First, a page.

Trouble is that I've been waiting since I was about 14 yrs old and it may be that I will be producing my own last bit of global warming before it all comes to pass. Hey-Ho say la vie. Or say whatever you like really.


Regards
Exeng

tony draper
21st Nov 2006, 23:56
Interestingly a new multi billion pound power station is to be built on Teeside and its to be coal fired,as far as I know it will still be imported coal,least if those furriners cut it off the supply we still have plenty in the ground around here.
:rolleyes:

tinpis
22nd Nov 2006, 01:03
I cant help you with this one Mr D.:hmm:

Buster Hyman
22nd Nov 2006, 01:15
Big hue & cry down here about Nuclear power stations. They're saying we need 25 within the next 15 years or so! But to make it competitive, we have to charge moal for coal powered energy! WTF?!?!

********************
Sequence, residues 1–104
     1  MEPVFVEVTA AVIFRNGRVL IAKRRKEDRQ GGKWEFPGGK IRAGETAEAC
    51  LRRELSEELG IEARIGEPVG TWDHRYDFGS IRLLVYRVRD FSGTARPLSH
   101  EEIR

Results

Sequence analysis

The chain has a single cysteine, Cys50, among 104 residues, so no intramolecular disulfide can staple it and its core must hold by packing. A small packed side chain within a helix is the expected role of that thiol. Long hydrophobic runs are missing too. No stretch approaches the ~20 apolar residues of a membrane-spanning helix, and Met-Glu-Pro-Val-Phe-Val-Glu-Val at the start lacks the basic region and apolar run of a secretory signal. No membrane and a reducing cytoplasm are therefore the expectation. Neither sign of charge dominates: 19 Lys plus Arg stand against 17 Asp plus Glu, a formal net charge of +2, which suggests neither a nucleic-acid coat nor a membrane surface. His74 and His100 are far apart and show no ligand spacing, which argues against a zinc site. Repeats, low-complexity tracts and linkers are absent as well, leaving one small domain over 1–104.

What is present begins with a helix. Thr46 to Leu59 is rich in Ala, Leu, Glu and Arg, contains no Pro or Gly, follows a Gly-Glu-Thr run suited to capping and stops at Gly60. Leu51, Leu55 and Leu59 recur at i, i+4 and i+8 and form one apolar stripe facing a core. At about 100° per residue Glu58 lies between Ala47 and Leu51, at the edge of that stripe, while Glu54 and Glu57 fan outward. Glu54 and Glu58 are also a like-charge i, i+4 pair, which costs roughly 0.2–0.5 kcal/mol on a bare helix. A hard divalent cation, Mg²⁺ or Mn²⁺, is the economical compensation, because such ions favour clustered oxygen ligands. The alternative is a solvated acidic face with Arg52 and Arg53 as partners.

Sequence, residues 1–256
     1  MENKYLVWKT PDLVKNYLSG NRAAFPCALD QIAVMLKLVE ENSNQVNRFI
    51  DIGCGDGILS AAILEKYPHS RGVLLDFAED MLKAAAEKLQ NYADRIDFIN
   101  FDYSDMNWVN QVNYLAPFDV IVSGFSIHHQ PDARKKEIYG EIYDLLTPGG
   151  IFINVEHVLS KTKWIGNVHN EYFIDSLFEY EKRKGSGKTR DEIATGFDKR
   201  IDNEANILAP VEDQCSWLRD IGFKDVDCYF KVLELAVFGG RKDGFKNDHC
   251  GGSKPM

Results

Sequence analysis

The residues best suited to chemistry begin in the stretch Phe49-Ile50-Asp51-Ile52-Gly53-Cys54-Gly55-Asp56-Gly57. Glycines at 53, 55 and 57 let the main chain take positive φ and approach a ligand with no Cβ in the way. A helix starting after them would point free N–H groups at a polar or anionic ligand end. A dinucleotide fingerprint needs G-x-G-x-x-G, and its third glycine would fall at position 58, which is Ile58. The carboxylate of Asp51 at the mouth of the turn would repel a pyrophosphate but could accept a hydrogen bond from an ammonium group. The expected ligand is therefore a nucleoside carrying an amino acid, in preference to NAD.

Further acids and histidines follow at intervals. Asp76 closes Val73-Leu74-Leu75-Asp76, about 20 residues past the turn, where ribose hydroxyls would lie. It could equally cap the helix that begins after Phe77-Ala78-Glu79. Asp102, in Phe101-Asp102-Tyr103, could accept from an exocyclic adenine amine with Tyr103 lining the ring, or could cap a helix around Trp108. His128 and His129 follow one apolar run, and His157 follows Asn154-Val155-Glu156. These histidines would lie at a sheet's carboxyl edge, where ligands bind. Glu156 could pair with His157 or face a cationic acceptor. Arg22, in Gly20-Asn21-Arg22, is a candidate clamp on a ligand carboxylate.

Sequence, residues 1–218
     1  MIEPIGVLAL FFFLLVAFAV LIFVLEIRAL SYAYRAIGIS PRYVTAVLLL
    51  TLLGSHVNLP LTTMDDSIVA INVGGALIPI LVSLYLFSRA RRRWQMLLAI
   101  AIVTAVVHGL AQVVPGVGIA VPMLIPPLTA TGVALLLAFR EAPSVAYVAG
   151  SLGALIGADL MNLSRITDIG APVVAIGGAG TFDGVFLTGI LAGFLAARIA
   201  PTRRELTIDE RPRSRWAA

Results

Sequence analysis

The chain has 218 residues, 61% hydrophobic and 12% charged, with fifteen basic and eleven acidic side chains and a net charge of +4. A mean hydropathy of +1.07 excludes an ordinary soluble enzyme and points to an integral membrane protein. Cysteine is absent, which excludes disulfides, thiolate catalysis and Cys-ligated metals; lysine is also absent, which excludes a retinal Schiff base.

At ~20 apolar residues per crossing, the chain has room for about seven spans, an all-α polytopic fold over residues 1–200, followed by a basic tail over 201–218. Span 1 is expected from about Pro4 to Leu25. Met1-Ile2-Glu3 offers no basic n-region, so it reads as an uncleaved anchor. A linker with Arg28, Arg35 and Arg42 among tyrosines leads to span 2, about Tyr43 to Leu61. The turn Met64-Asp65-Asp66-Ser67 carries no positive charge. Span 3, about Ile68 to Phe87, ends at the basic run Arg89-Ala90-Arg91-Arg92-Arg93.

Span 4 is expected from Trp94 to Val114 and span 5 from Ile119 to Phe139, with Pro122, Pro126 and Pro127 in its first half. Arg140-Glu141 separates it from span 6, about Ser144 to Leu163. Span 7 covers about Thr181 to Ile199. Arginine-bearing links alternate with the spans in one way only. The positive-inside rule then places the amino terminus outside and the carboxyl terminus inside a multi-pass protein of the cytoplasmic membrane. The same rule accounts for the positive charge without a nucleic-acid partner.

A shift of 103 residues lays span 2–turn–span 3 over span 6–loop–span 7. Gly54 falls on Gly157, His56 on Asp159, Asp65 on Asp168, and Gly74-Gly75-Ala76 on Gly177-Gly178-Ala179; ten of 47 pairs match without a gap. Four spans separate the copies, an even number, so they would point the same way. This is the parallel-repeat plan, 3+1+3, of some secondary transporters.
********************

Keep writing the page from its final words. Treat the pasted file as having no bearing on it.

Anyways...we have the usual negatives about the waste products, with some merit I might add, but could we not create a "delivery" system for theses big glowing drums of nasty stuff that points it at the Sun & ejects? After all, that's a pretty darn big Nuclear power station right up there & anything getting close will burn up anyways...problem solved?

PS. Please don't launch it from near my place ok?

Loose rivets
22nd Nov 2006, 03:43
Put in on an asbestos conveyor belt?:\

Buster Hyman
22nd Nov 2006, 03:45
I considered that...but it'll just stay in the one place, it wont go anywhere!

G-CPTN
22nd Nov 2006, 03:46
You mean it would never get off the ground?

Buster Hyman
22nd Nov 2006, 04:38
That's right. Physically impossible. Asbestos conveyor belt to the Sun...they'd never get those 44 gallon drums anywhere near it!